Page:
“Before the pandemic, I had a set schedule that was easy for me to juggle both work and school, but now I have six hours worth of homework, I don’t know when I’ll get it done,” Guillaume said. “I had to ask my boss to reduce my hours to only three days a week just so I can keep up with my classes, it’s more helpful to have a structure [with] regular weekly in-person meetups, but now having these online classes makes me feel so alienated.”

It’s not just students at ARC dealing with the hardship of more online classes to come. Many professors are still trying to adapt to this change as well. 

History professor Ricardo Caton, said he needed to do more work and planning into his teaching to make sure all of his students can see and understand everything in an online environment. 

“Everything needs to be accessible for my students,” Caton said. “I need to make sure all videos and lectures I upload on Canvas come with captions or I have to add them in myself.”

Despite the extra work, Caton says he has been able to get some positives from this experience. He says that teaching online is giving him more options in the future on how he can teach his classes in the most effective way possible.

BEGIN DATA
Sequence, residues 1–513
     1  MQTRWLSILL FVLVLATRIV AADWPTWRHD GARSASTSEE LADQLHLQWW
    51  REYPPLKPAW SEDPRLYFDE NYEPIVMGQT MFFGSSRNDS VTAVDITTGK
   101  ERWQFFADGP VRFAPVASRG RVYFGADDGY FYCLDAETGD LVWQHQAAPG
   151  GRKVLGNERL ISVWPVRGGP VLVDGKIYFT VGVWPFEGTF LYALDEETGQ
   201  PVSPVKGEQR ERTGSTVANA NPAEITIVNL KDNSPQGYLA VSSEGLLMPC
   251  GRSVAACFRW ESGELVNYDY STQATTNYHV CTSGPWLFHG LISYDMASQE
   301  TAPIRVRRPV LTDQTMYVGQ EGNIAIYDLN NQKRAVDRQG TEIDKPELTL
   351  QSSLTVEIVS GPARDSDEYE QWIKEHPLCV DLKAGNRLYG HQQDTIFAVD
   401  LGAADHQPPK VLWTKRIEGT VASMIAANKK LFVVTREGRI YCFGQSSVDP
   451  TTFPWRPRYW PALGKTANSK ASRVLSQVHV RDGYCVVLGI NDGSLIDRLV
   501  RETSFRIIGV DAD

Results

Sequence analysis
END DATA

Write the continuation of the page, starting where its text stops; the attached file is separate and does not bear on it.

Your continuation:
“I’m looking at it to a positive standpoint, if ever a situation like this comes again I’ll be ready to make the transition online and this has allowed me to teach more effectively online,” Caton said. “From a teaching standpoint, this has given me the opportunity to give my students more variety —in the future, I can offer my classes to be both online and in-person.”

The college’s administration staff recognizes the challenges faced by students and faculty and says it’s hopeful for a safe return to in-person learning in the future. 

“We recognize an online semester does create challenges, so we are committed to serving students through a wide variety of online support services,” Crow said. “We look forward to the day when we can return to on-campus classes—when it is appropriate from a public health standpoint.”